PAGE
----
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Omar - Cinemaholic Movie Reviews
one person's obsessive addiction to film
cinema_holic
cinema_holic
Omar
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Directing: B+
Acting: B+
Writing: B+
Cinematography: B+
Editing: B+



Most people who come across Omar won't know that it's specifically a Palestinian film, nor will they be able to tell exactly how the film feels about the issue of Israeli occupation -- until the end, anyway. The title character is one of three Palestinian friends who consider themselves freedom fighters, and they conspire to kill Israeli soldiers. Naturally the Israelis would consider such people terrorists. To a large degree, the movie wisely leaves the distinction up for the viewer to decide.

The thing is, Omar keeps getting into trouble. Yes, the Israeli troops are portrayed as vindictive bastards -- the ones catching him hopping over the wall to meet with his secret love, Nadia, gleefully toy with him -- but then they accuse him of being stupid in regards to his illegal activities, they are largely right. He keeps putting himself and Nadia at risk, and at every turn discovering the Israelis know far more information than he thought possible.

Things could have been much worse for him. When he and his two friends, Tarek and Amjad, go to the secret spot in the middle of the night from which to shoot a soldier, Amjad tries to back out of doing his agreed-to part of the plan. Omar offers to do it for him, but Tarek insists Amjad do what he said he would. Even in spite of all that followed, Omar dodged a bullet there.

Things get more and more complicated, however, and Omar finds himself in jail twice over. Both times he is tortured and left in solitary confinement for weeks. You would think the Israelis would learn that these kinds of things aren't exactly going to endear the Palestinians to them. Of course, the geopolitics are much more complicated, and actually so is this story -- to its credit. In any case, Omar is tricked into a confession by association, and forced to play both sides, agreeing to help the Israelis catch the one who killed the soldier in order to get back to Nadia. Further complicating things is the fact that the Israelis suspect Tarek and not Amjad.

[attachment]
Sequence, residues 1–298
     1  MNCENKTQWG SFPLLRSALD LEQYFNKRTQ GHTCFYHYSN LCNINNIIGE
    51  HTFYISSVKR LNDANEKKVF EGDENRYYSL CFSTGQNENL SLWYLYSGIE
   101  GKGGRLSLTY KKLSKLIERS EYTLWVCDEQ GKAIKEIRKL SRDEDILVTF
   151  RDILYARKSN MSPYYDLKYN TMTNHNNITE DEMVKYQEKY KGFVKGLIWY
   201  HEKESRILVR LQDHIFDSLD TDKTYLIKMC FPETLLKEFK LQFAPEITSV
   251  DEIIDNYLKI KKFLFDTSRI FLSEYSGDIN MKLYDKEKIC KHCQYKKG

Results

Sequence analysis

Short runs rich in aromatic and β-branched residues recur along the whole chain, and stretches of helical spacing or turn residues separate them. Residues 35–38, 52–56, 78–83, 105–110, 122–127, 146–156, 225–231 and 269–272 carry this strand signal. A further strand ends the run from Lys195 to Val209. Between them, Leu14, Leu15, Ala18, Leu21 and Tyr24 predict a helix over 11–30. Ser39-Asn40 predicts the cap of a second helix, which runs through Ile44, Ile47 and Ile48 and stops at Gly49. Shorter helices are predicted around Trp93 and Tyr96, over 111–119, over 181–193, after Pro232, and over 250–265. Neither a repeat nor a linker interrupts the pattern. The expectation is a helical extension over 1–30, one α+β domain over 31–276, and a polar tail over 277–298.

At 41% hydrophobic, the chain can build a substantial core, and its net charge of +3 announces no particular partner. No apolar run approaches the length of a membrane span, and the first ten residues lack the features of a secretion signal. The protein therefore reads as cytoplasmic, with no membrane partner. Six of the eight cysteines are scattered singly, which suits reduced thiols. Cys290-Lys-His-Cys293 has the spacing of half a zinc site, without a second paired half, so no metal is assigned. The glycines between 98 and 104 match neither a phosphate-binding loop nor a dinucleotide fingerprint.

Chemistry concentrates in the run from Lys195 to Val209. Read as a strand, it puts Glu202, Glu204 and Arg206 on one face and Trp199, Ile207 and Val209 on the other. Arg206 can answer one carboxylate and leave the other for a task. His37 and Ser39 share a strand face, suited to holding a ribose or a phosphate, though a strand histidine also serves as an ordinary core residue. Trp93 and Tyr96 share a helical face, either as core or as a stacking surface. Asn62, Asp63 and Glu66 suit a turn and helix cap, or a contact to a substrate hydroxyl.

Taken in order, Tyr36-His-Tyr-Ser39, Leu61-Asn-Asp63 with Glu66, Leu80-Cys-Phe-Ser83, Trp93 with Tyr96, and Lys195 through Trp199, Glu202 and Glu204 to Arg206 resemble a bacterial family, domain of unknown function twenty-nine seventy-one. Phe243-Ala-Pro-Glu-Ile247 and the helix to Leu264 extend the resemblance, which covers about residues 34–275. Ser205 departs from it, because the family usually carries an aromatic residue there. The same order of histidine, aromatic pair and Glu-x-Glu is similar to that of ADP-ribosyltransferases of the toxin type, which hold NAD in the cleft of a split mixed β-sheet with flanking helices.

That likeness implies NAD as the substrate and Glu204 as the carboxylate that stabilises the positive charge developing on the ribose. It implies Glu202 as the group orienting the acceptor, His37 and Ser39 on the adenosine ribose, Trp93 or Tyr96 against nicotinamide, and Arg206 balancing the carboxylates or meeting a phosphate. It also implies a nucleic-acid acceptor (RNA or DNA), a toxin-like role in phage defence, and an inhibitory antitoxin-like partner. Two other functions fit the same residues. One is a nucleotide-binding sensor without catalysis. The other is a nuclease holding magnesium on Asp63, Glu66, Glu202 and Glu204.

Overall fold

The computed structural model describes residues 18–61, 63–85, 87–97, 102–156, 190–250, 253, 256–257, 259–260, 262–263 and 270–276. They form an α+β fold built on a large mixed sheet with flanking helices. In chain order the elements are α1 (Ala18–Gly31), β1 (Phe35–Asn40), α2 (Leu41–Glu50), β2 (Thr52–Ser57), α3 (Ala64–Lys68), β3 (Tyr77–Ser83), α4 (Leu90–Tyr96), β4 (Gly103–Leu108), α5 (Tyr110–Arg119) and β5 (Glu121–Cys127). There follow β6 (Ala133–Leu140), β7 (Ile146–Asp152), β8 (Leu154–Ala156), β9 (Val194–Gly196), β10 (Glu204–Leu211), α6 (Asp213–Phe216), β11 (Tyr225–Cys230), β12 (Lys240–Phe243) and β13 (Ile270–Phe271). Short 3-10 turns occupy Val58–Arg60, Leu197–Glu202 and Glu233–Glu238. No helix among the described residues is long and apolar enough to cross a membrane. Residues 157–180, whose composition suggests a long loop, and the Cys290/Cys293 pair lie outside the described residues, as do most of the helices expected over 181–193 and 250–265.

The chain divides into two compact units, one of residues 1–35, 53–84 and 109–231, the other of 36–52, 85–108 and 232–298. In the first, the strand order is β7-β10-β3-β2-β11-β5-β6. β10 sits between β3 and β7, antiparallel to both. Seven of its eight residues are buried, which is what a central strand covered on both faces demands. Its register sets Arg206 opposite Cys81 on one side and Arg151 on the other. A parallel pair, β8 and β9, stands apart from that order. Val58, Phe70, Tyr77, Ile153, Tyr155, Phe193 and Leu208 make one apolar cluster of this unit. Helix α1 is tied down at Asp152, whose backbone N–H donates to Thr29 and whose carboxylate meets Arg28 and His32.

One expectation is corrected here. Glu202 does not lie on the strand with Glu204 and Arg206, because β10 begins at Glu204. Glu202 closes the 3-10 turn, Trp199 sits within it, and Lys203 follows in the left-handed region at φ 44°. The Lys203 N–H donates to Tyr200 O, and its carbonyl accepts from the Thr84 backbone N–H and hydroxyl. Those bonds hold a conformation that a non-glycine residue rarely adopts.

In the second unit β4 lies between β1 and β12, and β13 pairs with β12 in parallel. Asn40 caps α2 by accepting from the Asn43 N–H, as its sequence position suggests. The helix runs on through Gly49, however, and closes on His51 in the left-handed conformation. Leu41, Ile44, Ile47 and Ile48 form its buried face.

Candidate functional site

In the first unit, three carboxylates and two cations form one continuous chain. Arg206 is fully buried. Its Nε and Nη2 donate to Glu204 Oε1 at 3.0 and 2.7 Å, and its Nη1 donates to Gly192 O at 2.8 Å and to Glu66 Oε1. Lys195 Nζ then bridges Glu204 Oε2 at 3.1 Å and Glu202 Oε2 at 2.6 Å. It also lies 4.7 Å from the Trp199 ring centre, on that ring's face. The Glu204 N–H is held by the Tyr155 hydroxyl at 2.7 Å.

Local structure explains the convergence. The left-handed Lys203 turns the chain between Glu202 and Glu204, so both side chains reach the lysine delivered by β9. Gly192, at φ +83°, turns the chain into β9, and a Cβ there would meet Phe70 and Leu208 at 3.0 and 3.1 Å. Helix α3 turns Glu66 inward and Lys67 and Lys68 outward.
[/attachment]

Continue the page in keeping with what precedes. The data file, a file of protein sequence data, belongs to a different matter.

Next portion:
Things get messier from there, and then seem close to resolution, and then get messy again. All of this is just the complexity of circumstances surrounding Omar's love for Nadia -- who, as it happens, is Tarek's sister. But is there also something between Nadia and Amjad? Strip away the politics, and the story here is a tad too much like a soap opera, to be honest. But that element is particularly subtle, and the actors are convincing. There's a solitary kiss that is therefore by definition unusually charged, in this relationship that by all appearances is otherwise rather innocent and chaste. Where innocence disappears is in these young men's association with the resistance.

In spite of an impressive level of nuance, there's an element of Omar that keeps it from being quite as compelling as it could have been. There's no music or score, the absence of which underscores its importance to most cinematic storytelling. It gives the proceedings a bit of a "dress rehearsal" feel. But then the action picks up and it's easy not to think about it, as it's practically impossible not to get invested in the destinies of these characters. They've all, in one way or another, bitten off more than they can chew. Lucky for the viewer, the movie gives us something to chew on.

Adam Bakri and Leem Lubany are earth-crossed lovers in OMAR.


Overall: B+
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